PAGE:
The Nonya cooking ingredient Daun Limau Perut or Kaffir Lime Leaves is from a variety of citrus known by the name of the leprous lime or the kaffir lime. The leaf has a subtle fragrance which gives a distinctive taste to many Nonya dishes.
Daun Limau Perut or Kaffir Lime Leaves are precious to many Nonya and Thai
dishes, from soups to curries and stir-fried dishes. They blend with lemon grass
and lime juice in tom yam to give the soup its wholesome lemony essence. In
soupy dishes, add the leaves whole or torn into smaller pieces, using them as
one would bay leaves to flavour broth or stew.
Daun Limau Perut or Kaffir Lime Leaves when young and tender, are finely shredded and added to salads and sprinkled over curries for a burst of flavour. Being rather thick, they must be cut very fine, like threads, and the thick mid-rib removed. To sliver Daun Limau Perut or Kaffir Lime Leaves finely, stack three to four leaves of similar size together and slice them very thinly with a sharp knife. It is faster to cut diagonally , which gives the hands better leverage, or roll a few leaves at a time into a tight roll before slicing. If fresh Daun Limau Perut or Kaffir Lime Leaves are not available, use the tender new leaves of lime, lemon or grapefruit. They won't have the same fragrance but are preferable to using dried Daun Limau Perut or Kaffir Lime Leaves in some dishes.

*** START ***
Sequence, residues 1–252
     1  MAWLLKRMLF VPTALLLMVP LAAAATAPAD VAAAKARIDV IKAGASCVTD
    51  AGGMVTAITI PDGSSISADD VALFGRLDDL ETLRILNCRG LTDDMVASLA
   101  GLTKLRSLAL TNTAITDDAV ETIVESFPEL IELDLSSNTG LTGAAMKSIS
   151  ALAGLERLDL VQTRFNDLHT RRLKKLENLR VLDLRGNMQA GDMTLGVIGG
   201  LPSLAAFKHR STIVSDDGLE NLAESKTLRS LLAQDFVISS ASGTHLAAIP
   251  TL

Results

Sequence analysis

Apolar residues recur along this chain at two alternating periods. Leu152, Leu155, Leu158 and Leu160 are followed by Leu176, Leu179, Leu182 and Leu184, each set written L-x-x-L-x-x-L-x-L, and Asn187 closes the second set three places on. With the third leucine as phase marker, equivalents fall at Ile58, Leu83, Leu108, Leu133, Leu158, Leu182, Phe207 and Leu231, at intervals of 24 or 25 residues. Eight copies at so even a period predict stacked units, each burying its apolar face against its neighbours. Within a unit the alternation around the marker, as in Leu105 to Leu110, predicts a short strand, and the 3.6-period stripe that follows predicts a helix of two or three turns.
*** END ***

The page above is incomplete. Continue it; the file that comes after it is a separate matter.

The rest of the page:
When making a soup or stock, whole fresh or dried leaves may be added, as they are removed after cooking. Finely chopped fresh or crumbled dry Daun Limau Perut or Kaffir Lime Leaves are used in dishes like tom yum, strir fries and curries, especially those containing coconut cream. The flavour also combines well with basil, cardamom, chiles, cilantro, cumin, curry leaves, lemon grass, galangal, ginger, mint, tamarind, turmeric and coconut milk.
Though the juice is seldom used in cooking, the peel of the fruit, with its high concentration of aromatic oils, is indispensable in many curry pastes and is one reason why Nonya and Thai curries taste refreshingly unique. The zest also imparts a wonderful piquant flavour to such delectable favorites as fried fish cakes, and it blends in powerfully with such spicy, chile-laden stews as "jungle soup" (gkaeng bpah). Because it's strong flavour can over power the more subtle ones in a dish, the rind should be used sparingly, grated or chopped finely and reduced in a mortar with other paste ingredients until indistinguishable..